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books & reading top 5 tuesday

Top 5 Tuesday: The Alphabet Challenge | Books To Look Forward To in 2020 (U-Z)

In which I bend all the rules.

It’s time for Top 5 Tuesday hosted by Bionic Bookworm and we’ve finally made it to the last week of the alphabet challenge! Today’s post starts off wonky from the bat because there are 6 letters. Then it gets weirder because it’s comprised of the letters U, V, W, X, Y, and Z. I mean, really.

This week I chose books releasing in 2020 that I would like to read. Some have already been released and some come out later this year. All are something to look forward to which is a nice thing to have right about now.

Note: I chose a mix of book titles and author’s names to make my list and got even more creative than that for one letter.


Uncanny Valley by Anna Wiener came out in January. Wiener is being described as the Joan Didion of start-up culture in this coming of age memoir in the Silicon Valley start up tech industry.

“In her mid-twenties, at the height of tech industry idealism, Anna Wiener—stuck, broke, and looking for meaning in her work, like any good millennial–left a job in book publishing for the promise of the new digital economy. She moved from New York to San Francisco, where she landed at a big-data startup in the heart of the Silicon Valley bubble: a world of surreal extravagance, dubious success, and fresh-faced entrepreneurs hell-bent on domination, glory, and, of course, progress.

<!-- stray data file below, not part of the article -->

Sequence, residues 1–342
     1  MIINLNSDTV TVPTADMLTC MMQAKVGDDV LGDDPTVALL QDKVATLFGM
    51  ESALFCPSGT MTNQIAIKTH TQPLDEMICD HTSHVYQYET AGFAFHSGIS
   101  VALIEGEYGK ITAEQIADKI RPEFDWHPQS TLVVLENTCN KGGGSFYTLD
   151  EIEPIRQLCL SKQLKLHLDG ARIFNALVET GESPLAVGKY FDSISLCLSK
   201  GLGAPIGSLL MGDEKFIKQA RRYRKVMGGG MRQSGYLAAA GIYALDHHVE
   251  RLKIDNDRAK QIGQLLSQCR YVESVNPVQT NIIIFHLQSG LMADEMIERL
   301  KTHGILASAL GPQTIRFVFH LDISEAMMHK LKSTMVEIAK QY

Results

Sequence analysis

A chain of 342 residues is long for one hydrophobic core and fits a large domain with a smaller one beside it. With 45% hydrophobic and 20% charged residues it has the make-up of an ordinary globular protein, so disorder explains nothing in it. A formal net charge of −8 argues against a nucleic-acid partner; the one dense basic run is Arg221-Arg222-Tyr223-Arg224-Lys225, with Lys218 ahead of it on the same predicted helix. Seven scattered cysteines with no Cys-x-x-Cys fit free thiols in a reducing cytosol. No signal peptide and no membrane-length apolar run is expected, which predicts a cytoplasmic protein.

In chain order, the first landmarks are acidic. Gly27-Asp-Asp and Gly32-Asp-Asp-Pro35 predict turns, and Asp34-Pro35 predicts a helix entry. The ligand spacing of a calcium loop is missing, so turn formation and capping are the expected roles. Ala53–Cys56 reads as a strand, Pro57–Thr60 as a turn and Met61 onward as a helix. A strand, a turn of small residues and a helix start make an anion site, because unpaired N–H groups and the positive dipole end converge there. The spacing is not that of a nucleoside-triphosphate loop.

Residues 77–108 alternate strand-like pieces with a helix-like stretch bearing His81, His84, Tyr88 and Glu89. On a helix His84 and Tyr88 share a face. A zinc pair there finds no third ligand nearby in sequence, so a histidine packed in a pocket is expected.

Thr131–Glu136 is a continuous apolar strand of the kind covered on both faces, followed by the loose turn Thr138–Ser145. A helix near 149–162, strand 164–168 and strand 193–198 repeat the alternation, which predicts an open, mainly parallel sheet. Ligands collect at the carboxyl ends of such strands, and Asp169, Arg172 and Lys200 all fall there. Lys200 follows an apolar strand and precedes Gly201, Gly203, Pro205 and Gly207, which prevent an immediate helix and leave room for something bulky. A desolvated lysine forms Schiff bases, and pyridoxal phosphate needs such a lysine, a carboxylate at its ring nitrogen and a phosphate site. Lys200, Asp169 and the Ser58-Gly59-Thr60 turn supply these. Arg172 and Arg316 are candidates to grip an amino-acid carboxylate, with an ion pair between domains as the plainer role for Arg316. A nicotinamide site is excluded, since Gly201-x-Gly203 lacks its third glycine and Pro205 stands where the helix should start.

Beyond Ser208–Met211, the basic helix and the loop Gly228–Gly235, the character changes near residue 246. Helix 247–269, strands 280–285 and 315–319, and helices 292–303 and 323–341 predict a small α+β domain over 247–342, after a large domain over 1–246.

Anna arrived amidst a massive cultural shift, as the tech industry rapidly transformed into a locus of wealth and power rivaling Wall Street. But amid the company ski vacations and in-office speakeasies, boyish camaraderie and ride-or-die corporate fealty, a new Silicon Valley began to emerge: one in far over its head, one that enriched itself at the expense of the idyllic future it claimed to be building.”

Vanessa Yu’s Magical Paris Tea Shop by Roselle Lim comes out in August so we’ll be waiting awhile for this one but it sounds worth the wait.

Ever since she can remember, Vanessa has been able to see people’s fortunes at the bottom of their teacups. To avoid blurting out their fortunes, she converts to coffee, but somehow fortunes escape and find a way to complicate her life and the ones of those around her. To add to this plight, her romance life is so nonexistent that her parents enlist the services of a matchmaking expert from Shanghai.

After her matchmaking appointment, Vanessa sees death for the first time. She decides that she can’t truly live until she can find a way to get rid of her uncanny abilities. When her eccentric Aunt Evelyn shows up with a tempting offer to whisk her away, Vanessa says au revoir to California and bonjour to Paris. There, Vanessa learns more about herself and the root of her gifts and realizes one thing to be true: knowing one’s destiny isn’t a curse, but being unable to change it is.”

We Ride Upon Sticks by Quan Barry came out earlier this month and Jenny Lawson is discussing it with her blog’s book club which is how I first heard about it. The Salem witch trials tie in was what caught my attention though.

Set in the coastal town of Danvers, Massachusetts, where the accusations began that led to the 1692 witch trials, We Ride Upon Sticks follows the 1989 Danvers High School Falcons field hockey team, who will do anything to make it to the state finals—even if it means tapping into some devilishly dark powers. In chapters dense with 1980s iconography—from Heathers to “big hair”—Barry expertly weaves together the individual and collective progress of this enchanted team as they storm their way through an unforgettable season.